A major divide on the aflatoxin scene is the one separating human stakeholders in developed and developing countries. A reasonable representation is that the consumer in developed countries eats food with low levels of contamination and with the presence of a major divide between developed and developing countries (Table 1). This divide is the result of many of the factors discussed above and clearly demonstrates that the institutions that should protect populations in developing countries are failing to do so.

What are the consequences of this institutional failure? The animal data summarized by Williams et al. (2004) and the human epidemiological data (Gong et al., 2002; Jiang et al, 2005) that show that the changes in animal immunity and growth also occur in humans with chronic aflatox-icosis, suggest that aflatoxin is an important factor in the general health of human populations.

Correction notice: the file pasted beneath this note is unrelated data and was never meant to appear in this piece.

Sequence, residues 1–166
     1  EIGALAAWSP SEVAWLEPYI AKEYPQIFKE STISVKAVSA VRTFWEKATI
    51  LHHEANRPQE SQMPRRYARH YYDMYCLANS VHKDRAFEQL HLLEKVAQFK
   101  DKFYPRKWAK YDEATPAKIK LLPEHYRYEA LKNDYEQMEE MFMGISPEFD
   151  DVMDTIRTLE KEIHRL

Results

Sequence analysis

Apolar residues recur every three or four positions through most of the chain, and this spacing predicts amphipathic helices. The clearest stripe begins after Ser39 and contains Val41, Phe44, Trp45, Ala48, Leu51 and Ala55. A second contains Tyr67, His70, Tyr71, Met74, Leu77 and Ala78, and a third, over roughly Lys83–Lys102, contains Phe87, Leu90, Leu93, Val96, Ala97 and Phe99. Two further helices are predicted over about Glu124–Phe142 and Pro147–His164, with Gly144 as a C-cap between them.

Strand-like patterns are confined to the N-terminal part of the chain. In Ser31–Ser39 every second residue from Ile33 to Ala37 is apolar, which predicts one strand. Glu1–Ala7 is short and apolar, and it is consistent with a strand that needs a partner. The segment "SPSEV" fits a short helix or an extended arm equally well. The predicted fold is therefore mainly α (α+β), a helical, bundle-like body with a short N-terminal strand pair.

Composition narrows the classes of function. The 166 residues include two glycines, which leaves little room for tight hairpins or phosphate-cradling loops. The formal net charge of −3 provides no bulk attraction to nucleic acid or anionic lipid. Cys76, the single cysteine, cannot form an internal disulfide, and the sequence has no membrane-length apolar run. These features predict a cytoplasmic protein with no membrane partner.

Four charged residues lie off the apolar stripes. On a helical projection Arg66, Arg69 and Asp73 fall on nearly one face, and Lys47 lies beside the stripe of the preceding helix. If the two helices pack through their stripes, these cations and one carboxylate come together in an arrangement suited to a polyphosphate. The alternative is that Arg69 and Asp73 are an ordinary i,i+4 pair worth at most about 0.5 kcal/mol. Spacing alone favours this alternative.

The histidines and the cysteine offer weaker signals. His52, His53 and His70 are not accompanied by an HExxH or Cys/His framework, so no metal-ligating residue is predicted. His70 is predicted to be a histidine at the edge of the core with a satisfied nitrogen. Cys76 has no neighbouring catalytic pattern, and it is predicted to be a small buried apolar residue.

The possible connections between the risks to health defined by the WHO and aflatoxin have been reviewed and summarized by Williams et al. (2004). Based on published research these authors found logical, mechanistic grounds for aflatoxin modulation of risk factors that provide some 43% of the Disability Adjusted Life Years (DALYS) in the WHO risk analysis (Williams et al., 2004). Since the above analysis, there has been further demonstration of the

Table 1. Aflatoxin exposure (ng/kg body wt/day) in some regions and countries.


Aflatoxin exposure

Sub-Saharan Africa

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